Marcia Miller

What does it mean to be a channel for Reiki?

Marcia-8436ccWhat does it mean to be a channel for Reiki?  We often hear that Reiki is Universal Energy that is channeled through us. The image given by one of our dear teachers, Hyakuten Inamoto, is that of being like a “hollow bamboo.” This beautiful loving energy flows through us—it is not “our” energy. Air flowing through a bamboo flute, for example, doesn’t come from the bamboo, it comes through it.

This image is very helpful but doesn’t go far enough in my experience of Reiki. There IS a sense that something is coming through me that is not originating within me, and I think this is what Sensei Inamoto means by this comparison. However, a piece of bamboo with air flowing through it isn’t changed by that experience, yet I am deeply changed by the Reiki flowing through me. Just before I started writing this article I did my Reiki self-practice and paid close attention to my experience. I immediately felt more relaxed and at ease. I felt a warm, tingly, energetic flow coming through my hands and into my body, and my whole body felt spacious with room for all parts of myself.  My mind didn’t get especially quiet, but there was room for the thoughts I was having and so much more. Everything felt in context and interconnected. I felt meditative and happy for no particular reason. As I gave myself Reiki I also sent Reiki energy to many other people I love and care about. (This is a practice learned in Reiki Level 2.) I felt the connection with them as well and my heart welled up with love. Even when my main intention is to give Reiki to another, it is still affecting me as I offer it. Read More…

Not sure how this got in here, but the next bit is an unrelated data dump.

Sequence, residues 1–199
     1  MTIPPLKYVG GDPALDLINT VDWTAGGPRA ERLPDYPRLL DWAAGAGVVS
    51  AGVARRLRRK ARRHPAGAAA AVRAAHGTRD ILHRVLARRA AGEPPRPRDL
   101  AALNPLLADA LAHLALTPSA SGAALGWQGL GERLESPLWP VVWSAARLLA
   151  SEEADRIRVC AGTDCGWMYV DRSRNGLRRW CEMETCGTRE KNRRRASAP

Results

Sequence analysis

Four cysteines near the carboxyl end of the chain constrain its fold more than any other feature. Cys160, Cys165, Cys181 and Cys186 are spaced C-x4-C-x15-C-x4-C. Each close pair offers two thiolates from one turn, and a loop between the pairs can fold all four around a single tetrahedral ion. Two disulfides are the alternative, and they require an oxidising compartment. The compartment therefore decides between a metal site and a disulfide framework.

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Living a Big Yes

“Our hospice staff works so very hard and needs the Urban Zen experience. Will you come to South Africa?” asked the head of Helderberg Hospice, Gail Sykes.  “YES!” Said Lori Moffett; “YES” I said after hoping for this moment for years.  YES, YES, YES! And so began our African adventure. One of the elements that remained a powerful gift throughout the whole trip--the planning, the travel to get there, the work itself--every part of it-- was the ongoing experience of a whole-hearted and whole-bodied “Yes.”

I hope you know this feeling--this knowing that you are doing what you absolutely must be doing in a given moment. Perhaps there is the sense of doing what you were born to do, or what all your time on earth has prepared you to do. There may be the beautiful sense of Life living through you in a way that is at once deeply personal and yet vastly impersonal. Or maybe it is the fulfillment of a deep longing of your heart. Whatever the details, there is a sense of being in the right place at the right time, a sense of purpose and flow that feels so right.